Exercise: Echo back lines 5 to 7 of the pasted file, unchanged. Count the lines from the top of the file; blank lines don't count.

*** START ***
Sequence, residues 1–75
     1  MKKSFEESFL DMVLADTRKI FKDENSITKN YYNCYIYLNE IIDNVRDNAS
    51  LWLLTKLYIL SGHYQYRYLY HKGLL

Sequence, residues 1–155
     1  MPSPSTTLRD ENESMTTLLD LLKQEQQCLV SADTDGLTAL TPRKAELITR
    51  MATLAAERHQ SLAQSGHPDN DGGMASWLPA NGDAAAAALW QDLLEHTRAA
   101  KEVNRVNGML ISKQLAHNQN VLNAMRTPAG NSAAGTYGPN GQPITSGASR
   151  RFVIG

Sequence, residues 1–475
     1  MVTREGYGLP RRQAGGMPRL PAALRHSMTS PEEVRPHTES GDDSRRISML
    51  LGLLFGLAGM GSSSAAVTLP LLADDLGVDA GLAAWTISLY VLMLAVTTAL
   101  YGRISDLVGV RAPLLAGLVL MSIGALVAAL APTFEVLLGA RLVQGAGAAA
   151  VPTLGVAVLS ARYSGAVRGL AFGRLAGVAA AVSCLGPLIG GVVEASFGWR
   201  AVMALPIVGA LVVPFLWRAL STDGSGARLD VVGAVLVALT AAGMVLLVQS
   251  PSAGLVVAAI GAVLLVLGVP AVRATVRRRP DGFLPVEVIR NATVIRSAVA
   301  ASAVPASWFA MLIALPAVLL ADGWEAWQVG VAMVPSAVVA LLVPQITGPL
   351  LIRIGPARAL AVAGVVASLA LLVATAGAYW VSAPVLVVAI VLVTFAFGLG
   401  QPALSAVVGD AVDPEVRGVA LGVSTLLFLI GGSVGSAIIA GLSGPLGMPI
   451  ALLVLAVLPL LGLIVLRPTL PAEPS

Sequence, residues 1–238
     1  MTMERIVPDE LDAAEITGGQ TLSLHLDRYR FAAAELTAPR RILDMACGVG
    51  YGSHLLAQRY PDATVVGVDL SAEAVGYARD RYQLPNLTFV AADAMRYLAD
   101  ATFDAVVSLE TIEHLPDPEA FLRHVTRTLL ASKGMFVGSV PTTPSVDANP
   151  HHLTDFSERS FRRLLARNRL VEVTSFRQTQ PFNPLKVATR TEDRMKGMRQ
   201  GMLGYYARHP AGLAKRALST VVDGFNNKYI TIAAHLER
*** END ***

     1  MPSPSTTLRD ENESMTTLLD LLKQEQQCLV SADTDGLTAL TPRKAELITR
    51  MATLAAERHQ SLAQSGHPDN DGGMASWLPA NGDAAAAALW QDLLEHTRAA
   101  KEVNRVNGML ISKQLAHNQN VLNAMRTPAG NSAAGTYGPN GQPITSGASR